The Bretton Woods System collapsed between 1968 and 1971 in the face of U.S. monetary expansion that exacerbated worldwide inflation. The United States broke the implicit rules of the dollar standard by not maintaining price stability. The rest of the world did not want to absorb additional dollars that would lead to inflation. Surplus countries (especially Germany) were reluctant to revalue. The Americans' hands were forced by British and French decisions in the summer of 1971 to convert dollars into gold. The impasse was ended by President Nixon's closing of the gold window on August 15, 1971.
Another important source of strain on the system was the unworkability of the adjustable peg under increasing capital mobility. Speculation against a fixed parity could not be stopped by either traditional policies or international rescue packages. The breakdown of Bretton Woods marked the end of U.S. financial dominance. The absence of a new center of international management set the stage for a centrifugal centrifugal /cen·trif·u·gal/ (sen-trif´ah-gal) efferent (1).
1. Moving or directed away from a center or axis.
2. international monetary system.
Conclusions of the Conference
The following conclusions emerged from the NBER's Bretton Woods conference:
First, a comparison of the macro performance of the G-7 countries under Bretton Woods with the regimes that preceded and followed it revealed that the convertible period from 1959 to 1971 was the most stable regime for both nominal and real variables, and the most fragile. We still do not know whether Bretton Woods' stability was attributable to the design of the regime or to the absence of significant demand and supply shocks while it lasted. Bretton Woods' fragility, though, was attributed both to flaws in its design and to conflicting policy objectives of the key deficit and surplus countries.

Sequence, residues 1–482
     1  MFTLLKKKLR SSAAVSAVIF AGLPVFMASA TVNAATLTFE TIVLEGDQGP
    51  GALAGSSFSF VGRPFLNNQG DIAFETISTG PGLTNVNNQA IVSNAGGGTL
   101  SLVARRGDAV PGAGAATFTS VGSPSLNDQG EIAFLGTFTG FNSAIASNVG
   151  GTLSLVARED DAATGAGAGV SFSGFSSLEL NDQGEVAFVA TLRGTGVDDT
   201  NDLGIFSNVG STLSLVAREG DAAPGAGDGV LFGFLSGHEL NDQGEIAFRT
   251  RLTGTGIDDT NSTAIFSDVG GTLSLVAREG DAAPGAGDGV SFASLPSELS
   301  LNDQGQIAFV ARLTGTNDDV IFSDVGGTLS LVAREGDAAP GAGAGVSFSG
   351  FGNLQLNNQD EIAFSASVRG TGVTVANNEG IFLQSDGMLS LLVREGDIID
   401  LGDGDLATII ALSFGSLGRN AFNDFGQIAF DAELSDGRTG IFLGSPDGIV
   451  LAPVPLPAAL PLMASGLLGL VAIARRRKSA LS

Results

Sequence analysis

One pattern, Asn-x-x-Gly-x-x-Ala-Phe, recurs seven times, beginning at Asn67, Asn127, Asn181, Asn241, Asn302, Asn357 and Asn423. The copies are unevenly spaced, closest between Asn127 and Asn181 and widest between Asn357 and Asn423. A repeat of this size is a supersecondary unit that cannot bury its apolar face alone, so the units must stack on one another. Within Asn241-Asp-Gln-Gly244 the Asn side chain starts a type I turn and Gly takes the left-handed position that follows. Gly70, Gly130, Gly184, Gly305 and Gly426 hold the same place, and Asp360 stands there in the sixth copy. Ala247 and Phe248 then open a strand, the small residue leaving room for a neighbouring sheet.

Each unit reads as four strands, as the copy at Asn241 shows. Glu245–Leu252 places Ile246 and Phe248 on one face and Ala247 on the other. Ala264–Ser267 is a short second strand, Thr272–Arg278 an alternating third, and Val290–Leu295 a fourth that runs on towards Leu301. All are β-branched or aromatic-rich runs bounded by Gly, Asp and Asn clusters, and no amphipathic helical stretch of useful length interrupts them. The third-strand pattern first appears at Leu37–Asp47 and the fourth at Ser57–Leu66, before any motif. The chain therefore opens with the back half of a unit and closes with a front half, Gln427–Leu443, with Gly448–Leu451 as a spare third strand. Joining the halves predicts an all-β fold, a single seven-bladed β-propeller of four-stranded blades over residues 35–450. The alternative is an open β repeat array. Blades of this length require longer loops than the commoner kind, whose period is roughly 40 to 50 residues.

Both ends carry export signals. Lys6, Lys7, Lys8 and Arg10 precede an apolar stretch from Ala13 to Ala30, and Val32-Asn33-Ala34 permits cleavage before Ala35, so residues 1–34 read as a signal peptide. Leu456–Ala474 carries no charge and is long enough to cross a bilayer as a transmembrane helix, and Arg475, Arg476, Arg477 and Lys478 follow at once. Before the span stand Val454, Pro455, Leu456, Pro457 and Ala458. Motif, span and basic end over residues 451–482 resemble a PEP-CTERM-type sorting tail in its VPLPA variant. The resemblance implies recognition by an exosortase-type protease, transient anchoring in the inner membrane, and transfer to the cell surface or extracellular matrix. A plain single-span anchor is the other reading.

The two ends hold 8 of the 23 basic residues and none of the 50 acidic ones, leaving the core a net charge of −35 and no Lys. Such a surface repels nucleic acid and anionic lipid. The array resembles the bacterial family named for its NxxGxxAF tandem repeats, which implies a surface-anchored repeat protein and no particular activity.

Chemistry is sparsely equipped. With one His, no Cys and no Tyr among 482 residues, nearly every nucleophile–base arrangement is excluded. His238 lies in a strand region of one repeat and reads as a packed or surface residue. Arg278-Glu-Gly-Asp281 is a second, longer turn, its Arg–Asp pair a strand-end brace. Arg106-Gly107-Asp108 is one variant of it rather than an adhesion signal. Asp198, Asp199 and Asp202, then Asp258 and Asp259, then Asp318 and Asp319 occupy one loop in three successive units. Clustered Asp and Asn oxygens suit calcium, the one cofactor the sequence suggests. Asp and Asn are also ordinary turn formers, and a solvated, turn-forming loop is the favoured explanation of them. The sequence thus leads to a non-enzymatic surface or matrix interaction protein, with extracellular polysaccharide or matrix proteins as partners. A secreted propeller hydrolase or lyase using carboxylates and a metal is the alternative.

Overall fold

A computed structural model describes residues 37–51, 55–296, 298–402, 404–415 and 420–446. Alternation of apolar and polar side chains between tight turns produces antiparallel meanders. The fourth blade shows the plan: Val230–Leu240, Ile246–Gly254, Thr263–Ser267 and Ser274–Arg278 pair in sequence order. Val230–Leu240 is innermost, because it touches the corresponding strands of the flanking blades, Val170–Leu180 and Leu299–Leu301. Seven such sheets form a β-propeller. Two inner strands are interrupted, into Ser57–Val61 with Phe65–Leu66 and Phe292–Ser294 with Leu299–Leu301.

Second, capital controls were important in allowing different countries to follow independent monetary and fiscal policies for significant periods of time, and hence to have divergent inflation rates without having to realign re·a·lign
tr.v. re·a·ligned, re·a·lign·ing, re·a·ligns
1. To put back into proper order or alignment.
2. To make new groupings of or working arrangements between. their parities. Yet controls were not effective enough to prevent speculative attacks when the fundamentals dictated a realignment re·a·lign
tr.v. re·a·ligned, re·a·lign·ing, re·a·ligns
1. To put back into proper order or alignment.
2. To make new groupings of or working arrangements between. . Reliance on controls in turn impeded efficient international resource allocation resource allocation Managed care The constellation of activities and decisions which form the basis for prioritizing health care needs . The gradual removal of controls, and the growing integration of world financial markets during the Bretton Woods convertible period, made it increasingly difficult for members to follow divergent policies and hence worsened the strains on the system.
A third issue was whether the Bretton Woods System was rule based See rules based. , in the sense that adherence by the United States to gold convertibility, and by other member countries to fixed rates with the dollar, constrained monetary authorities to follow stable domestic monetary policies. And, did adherence to the Bretton Woods Articles constrain members from practicing competitive devaluations and encourage them to coordinate their monetary and fiscal policies?